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System Builder Marathon, August 2012: $500 Gaming PC

Benchmark Results: Productivity

Performance in productivity applications increases across the board, again average a roughly 24% boost. Photoshop, FineReader, and our file compression workloads improve 25%, 27%, and 26% respectively, while 3ds Max rendering is now 17% faster.

Although we welcome the speed-up, there is little reason to celebrate. Neither dual-core machine delivers impressive performance in our threaded metrics. Putting things into perspective, Thomas Soderstrom’s last $2000 build, overclocked, was able to complete all seven of these tests in a little over eight minutes. That's slightly faster than last quarter's configuration took to finish our 3ds Max benchmark alone.

  • crisan_tiberiu
    so, looks like 500$ (Euro in europe :P) its enaugh to play any modern game that is trown on the market... ty consoles :P
    Reply
  • itzsnypah
    I think it would be interesting if next quarter for your Budget PC you try to bring the performance per watt as high as you can while still maintaining an enjoyable gaming experience. Something like a G620+HD7750/70 with a high efficiency PSU such as Rosewill CAPSTONE 450.

    Ever since I read the 7950B/7970GE review on here/anand performance per watt for me has been a priority when selecting components.
    Reply
  • mayankleoboy1
    I think it would be interesting if next quarter for your Budget PC you try to bring the performance per watt as high as you can while still maintaining an enjoyable gaming experience. Something like a G620+HD7750/70 with a high efficiency PSU such as Rosewill CAPSTONE 450.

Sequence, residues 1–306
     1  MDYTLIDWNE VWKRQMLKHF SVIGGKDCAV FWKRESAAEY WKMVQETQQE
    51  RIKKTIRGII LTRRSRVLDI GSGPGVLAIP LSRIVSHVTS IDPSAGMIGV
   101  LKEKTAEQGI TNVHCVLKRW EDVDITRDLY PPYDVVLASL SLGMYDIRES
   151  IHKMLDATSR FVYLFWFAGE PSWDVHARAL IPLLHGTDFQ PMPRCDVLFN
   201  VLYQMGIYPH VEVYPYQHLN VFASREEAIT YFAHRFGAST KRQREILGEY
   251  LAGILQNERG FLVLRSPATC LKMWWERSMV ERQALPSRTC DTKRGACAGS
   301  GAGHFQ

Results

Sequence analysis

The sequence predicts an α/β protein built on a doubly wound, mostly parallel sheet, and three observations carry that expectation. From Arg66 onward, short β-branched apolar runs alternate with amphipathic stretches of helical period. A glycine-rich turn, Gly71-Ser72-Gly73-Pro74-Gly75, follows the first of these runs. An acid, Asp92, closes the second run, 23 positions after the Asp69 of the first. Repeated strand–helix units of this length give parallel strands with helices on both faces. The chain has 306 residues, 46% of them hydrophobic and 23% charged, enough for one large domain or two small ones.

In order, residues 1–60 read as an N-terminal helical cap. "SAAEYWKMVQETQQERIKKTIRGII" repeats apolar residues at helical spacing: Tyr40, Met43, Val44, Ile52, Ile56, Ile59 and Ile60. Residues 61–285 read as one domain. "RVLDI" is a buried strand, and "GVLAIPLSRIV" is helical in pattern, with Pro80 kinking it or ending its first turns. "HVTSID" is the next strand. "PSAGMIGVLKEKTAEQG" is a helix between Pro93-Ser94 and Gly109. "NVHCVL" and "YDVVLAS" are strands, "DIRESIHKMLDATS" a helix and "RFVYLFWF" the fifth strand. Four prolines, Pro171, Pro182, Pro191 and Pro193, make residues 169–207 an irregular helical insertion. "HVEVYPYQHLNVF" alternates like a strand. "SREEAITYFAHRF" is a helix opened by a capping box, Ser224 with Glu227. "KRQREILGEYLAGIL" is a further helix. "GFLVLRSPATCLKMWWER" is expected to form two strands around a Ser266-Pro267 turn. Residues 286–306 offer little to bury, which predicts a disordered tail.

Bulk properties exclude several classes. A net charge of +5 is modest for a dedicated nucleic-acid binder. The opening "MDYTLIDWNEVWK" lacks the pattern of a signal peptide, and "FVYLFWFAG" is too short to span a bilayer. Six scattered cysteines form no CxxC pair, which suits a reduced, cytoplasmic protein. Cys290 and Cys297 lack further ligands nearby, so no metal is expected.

On the contrary, for a 500$ build, energy consumption and heat should be least concerns. Tweaking, overclocking and extracting the last possible performance from your hardware are the primary concerns of a 500$ gaming build. Even after HEAVY overclocking, you wont get 50W over the stock settings.
    Reply
  • sam_fisher
    mayankleoboy1On the contrary, for a 500$ build, energy consumption and heat should be least concerns. Tweaking, overclocking and extracting the last possible performance from your hardware are the primary concerns of a 500$ gaming build. Even after HEAVY overclocking, you wont get 50W over the stock settings.
    One may presume that someone after a $500 build is on a budget and hence doesn't want higher power consumption from overclocking.
    Reply
  • yyk71200
    Well, considering that I already have 3570K with GTX570, I'll be interested only in either $2000 PC or a graphic card from a $1000 PC.
    Reply
  • loops
    At least I can take less heat for recommending b75 mobo...
    Reply
  • itzsnypah
    mayankleoboy1On the contrary, for a 500$ build, energy consumption and heat should be least concerns. Tweaking, overclocking and extracting the last possible performance from your hardware are the primary concerns of a 500$ gaming build. Even after HEAVY overclocking, you wont get 50W over the stock settings.According to the performance summary and efficiency page of this article Overclocking the GPU had a 13%(average according to this article) increase in power consumption for an extra 2% (average) performance. That seems like the opposite thing I'm talking about.

    Overclocking is good for performance per dollar, not performance per watt.
    Reply
  • abegnale
    @Paul Henningsen,
    Why not substitute some existing parts for either an I3-2100 and/or an eVGA 560 Superclocked?
    Reply
  • giovanni86
    Nice, looking forward to the next builds. Some times OC does yield its advantages, those few frames can help and have helped me in games running smoothly or just over 30FPS. I honestly don't see why people are concerned with power, PC's don't cost much to run even overclocked. Unless your poor or working at McDonald's, then i see no reason why power is an issue unless otherwise stated. This whole green thing is a pain in the ass. I'm power hungry sorry.
    Reply
  • mayankleoboy1
    ^ there are no existing parts. This is a new build :)
    Reply